Morton, T. (2013): Hyperobjects: Philosophy and Ecology after the End of the World. University of Minneapolis Press, Minneapolis/London.
Mullet, T. C., et al (2017): The Acoustic Habitat Hypothesis: An Ecoacoustic Perspective on Species Habitat Selection. Biosemiotics, 10, 319–336.
Nelson, D. A., Marler, P. (1990): The Perception of Birdsong and an Ecological Concept of Signal Space. In: Stebbins, W. C., Berkley, M. A. (eds.): Comparative Perception, Vol. 2, Complex Signals. John Wiley a Sons, New York. p. 443–78.
Prins, J., Vanhaelen, M. eds. (2018): Sing Aloud Harmonious Spheres: Renaissance Conceptions of Cosmic Harmony. Routledge, New York/London.
Ranft, R. (2004): Natural Sound Archives: Past, Present, and Future. Anais da Academia Brasileira de Ciências, 76, 455–465.
Seuer, J., Farina, A. (2015): Ecoacoustics: the Ecological Investigation and Interpretation of Environmental Sound. Biosemiotics, 8, 493–502.
Schafer, R. M. (1994/1977): The Soundscape: Our Sonic Environment and the Tuning of the World. McClelland and Stewart, Toronto
Schmitt, P. J. (1990) Back to Nature: The Arcadian Myth in Urban America. John Hopkins University Press, Baltimore.
Slabbekoorn, H., Peet., M. (2003): Birds Sings at a Higher Pitch in Urban Noise. Nature, 424, 267–268.
Slabbekoorn, H. a kol. (2007): Sound Transmission And Song Divergence: A Comparison of Urban And Forest Acoustics. The Condon, 109, 67–78.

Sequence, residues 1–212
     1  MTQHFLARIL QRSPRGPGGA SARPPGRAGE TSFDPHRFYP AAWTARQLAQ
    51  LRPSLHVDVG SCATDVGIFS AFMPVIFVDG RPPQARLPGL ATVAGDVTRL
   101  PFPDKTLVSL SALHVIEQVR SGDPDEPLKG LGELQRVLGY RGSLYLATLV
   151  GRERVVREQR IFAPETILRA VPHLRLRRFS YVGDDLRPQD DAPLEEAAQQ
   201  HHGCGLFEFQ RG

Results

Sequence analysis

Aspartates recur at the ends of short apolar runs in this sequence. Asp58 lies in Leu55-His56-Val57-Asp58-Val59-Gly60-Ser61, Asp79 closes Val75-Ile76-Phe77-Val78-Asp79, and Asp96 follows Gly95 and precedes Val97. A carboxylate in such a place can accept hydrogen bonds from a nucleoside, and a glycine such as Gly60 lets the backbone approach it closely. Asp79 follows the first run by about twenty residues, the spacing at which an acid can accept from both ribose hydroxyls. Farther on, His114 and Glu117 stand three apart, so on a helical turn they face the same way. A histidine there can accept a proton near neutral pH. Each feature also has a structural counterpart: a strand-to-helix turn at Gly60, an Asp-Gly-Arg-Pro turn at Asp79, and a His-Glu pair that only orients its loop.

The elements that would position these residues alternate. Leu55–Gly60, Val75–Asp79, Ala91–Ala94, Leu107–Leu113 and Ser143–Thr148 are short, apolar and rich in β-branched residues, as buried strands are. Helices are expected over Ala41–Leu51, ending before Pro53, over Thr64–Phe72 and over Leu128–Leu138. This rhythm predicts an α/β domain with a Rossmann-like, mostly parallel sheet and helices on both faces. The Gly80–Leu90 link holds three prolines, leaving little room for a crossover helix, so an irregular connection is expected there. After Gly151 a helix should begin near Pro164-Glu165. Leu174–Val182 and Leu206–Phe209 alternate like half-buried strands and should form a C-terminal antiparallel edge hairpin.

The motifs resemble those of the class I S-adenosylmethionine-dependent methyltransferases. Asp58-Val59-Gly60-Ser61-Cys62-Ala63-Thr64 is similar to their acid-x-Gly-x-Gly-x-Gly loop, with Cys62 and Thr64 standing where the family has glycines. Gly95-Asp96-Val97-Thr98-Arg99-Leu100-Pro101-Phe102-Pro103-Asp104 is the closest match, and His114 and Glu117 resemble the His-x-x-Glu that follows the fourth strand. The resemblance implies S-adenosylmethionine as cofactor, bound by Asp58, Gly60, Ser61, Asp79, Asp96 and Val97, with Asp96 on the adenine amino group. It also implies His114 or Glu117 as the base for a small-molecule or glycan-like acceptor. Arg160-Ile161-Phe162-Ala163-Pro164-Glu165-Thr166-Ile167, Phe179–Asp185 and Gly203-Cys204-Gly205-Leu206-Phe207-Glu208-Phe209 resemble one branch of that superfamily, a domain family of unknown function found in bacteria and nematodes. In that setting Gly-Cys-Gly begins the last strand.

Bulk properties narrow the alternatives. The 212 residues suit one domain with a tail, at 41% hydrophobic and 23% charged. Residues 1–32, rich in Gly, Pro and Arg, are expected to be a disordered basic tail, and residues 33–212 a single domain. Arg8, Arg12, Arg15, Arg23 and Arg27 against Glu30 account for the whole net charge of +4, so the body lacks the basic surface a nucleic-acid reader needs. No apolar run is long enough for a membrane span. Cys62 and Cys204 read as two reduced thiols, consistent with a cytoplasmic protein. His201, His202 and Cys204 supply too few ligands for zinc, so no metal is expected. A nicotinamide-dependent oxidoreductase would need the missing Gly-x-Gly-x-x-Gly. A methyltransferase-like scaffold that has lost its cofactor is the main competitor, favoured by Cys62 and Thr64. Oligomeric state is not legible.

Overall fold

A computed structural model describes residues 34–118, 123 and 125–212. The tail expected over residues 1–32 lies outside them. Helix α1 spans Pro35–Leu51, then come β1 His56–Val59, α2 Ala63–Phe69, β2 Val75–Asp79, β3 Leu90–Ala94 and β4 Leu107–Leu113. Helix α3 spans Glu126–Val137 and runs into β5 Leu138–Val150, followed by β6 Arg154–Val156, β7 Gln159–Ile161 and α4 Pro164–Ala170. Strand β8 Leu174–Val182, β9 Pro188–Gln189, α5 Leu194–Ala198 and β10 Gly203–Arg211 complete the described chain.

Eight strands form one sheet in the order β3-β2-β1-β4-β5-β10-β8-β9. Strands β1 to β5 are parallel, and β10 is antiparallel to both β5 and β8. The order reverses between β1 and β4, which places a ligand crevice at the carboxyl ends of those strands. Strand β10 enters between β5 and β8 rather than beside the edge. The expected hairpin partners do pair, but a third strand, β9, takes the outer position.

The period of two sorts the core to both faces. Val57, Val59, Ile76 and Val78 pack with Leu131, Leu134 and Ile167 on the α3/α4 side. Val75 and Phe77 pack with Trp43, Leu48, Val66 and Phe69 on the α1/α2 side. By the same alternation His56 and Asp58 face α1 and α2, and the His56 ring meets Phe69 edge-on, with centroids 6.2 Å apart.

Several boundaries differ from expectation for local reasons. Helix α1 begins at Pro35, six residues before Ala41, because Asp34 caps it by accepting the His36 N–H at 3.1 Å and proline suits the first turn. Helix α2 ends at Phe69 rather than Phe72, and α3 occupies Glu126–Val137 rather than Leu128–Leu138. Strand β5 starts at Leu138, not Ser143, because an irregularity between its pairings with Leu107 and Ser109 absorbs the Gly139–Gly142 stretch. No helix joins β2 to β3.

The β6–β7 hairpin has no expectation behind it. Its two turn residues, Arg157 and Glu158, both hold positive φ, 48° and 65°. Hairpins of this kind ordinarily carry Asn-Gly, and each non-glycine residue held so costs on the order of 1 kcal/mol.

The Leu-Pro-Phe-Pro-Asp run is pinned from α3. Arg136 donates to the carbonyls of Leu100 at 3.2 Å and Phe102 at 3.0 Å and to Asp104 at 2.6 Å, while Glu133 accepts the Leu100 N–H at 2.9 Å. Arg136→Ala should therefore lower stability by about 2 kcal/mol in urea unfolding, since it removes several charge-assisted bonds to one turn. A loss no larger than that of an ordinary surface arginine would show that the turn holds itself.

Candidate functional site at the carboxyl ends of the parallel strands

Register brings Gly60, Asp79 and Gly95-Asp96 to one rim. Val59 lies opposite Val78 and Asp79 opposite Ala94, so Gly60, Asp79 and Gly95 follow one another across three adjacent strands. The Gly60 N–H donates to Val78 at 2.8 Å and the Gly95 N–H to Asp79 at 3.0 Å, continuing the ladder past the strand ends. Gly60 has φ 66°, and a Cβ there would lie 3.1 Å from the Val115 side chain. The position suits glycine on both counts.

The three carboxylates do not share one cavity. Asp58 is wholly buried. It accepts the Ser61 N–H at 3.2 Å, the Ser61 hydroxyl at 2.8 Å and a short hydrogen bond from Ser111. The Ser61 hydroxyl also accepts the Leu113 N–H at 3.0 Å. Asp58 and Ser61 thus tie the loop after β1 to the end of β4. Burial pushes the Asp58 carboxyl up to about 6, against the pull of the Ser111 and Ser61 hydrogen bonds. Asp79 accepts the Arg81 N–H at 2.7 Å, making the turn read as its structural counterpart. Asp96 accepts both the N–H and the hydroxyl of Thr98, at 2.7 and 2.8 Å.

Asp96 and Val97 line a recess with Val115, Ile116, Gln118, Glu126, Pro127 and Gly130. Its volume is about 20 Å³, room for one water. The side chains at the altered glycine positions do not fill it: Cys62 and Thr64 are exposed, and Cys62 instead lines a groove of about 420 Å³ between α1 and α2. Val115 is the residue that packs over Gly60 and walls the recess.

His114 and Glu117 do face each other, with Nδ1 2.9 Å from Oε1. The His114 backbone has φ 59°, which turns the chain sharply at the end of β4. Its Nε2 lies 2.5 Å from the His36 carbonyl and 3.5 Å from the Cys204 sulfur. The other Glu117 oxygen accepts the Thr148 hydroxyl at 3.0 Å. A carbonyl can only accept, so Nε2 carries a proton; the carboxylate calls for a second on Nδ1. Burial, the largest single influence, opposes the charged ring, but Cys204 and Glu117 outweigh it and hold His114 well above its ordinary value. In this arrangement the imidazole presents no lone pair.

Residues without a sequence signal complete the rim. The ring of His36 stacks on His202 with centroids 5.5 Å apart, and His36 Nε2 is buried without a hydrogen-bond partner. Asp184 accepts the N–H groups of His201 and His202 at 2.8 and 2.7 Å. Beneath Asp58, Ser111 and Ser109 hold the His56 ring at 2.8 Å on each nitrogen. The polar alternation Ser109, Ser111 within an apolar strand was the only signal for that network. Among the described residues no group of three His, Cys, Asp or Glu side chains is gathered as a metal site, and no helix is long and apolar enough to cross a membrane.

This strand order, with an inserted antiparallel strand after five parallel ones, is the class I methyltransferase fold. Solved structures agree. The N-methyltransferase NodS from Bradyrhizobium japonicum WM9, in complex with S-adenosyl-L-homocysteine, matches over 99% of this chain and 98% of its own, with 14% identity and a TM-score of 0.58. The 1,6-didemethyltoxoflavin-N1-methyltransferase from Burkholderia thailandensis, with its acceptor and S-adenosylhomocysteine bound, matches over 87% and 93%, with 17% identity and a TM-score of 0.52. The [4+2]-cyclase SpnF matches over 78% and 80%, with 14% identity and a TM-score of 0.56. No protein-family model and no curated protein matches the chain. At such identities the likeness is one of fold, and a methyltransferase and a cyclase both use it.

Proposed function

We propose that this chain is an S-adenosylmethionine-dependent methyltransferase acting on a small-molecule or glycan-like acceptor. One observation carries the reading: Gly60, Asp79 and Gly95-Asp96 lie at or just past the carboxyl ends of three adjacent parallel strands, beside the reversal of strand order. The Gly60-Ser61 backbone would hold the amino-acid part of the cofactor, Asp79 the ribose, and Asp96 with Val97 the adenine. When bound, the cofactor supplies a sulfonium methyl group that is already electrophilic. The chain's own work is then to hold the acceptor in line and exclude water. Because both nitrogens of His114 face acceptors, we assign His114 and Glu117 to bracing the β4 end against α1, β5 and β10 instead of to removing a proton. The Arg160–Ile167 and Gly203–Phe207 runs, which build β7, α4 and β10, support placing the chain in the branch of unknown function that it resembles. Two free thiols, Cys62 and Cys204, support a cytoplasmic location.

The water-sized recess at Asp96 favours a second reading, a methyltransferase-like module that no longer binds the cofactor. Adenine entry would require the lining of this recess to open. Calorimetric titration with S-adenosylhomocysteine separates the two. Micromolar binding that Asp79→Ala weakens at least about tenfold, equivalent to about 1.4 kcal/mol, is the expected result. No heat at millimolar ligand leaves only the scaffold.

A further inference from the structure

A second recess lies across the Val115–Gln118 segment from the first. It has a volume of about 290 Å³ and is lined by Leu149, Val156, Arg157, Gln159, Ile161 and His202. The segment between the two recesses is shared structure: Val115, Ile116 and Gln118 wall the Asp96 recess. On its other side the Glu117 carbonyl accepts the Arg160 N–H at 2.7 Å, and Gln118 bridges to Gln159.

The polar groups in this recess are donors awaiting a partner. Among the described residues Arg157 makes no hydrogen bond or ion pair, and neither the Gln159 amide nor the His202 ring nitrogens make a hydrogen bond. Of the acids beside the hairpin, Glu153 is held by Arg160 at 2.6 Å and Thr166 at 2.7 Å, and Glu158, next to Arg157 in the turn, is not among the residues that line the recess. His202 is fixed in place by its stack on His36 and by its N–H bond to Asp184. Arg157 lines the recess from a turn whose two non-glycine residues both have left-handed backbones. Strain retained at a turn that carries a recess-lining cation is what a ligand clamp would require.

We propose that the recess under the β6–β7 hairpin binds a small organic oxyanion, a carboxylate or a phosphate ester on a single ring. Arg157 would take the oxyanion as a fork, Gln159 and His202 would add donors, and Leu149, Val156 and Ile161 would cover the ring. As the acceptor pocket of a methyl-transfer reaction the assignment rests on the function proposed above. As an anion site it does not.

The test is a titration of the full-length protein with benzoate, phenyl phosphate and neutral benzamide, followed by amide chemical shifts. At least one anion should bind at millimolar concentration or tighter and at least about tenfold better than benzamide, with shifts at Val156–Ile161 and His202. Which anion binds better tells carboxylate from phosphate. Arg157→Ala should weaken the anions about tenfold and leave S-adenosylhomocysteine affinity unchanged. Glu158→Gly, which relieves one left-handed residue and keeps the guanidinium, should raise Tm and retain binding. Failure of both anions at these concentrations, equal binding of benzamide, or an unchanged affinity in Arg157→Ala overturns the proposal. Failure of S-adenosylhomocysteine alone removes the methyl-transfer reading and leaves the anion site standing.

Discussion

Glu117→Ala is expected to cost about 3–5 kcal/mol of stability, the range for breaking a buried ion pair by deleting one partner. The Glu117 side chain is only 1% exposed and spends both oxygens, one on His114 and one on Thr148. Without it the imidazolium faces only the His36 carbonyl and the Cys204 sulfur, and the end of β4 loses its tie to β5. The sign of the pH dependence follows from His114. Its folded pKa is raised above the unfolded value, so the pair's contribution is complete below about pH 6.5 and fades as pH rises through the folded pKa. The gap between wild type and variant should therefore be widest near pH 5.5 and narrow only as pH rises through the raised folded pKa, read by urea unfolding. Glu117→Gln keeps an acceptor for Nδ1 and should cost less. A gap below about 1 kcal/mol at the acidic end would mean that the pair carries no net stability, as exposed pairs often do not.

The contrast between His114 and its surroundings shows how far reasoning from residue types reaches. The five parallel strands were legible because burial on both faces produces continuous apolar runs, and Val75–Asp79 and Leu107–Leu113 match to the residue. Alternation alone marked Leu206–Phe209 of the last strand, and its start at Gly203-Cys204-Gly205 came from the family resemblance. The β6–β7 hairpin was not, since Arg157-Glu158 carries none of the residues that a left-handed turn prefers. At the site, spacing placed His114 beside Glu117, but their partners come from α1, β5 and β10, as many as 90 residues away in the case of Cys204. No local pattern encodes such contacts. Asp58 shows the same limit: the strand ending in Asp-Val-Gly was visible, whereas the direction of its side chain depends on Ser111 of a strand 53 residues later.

Smith, J. (2015): Eco-Sonic Media. University of California Press, California.
Smith, M. M. (2000): Listening to the Heard Worlds of Antebellum America. Journal of the Historical Society, 65–99.
Tarr, J. A (1996): The Horse–Polluter of the City. In The Search for the Ultimate Sink. Urban Pollution in Historical Perspective. University of Akron Press, Akron.
Veprintsev, B. (1980): Wildlife Sound Recording in the Soviet Union. Comparative Biochemistry and Physiology A, 67, 321–328.
Weiner, I. (2013): Religion Out Loud: Religious Sound, Public Space, and American Pluralism. NYU Press, New York/London.
Zielinski, S. (2002): Deep Time of the Media: Toward and Archeology of Hearing and Seeing by Technical Means. The MIT Press, Cambridge, MA/London.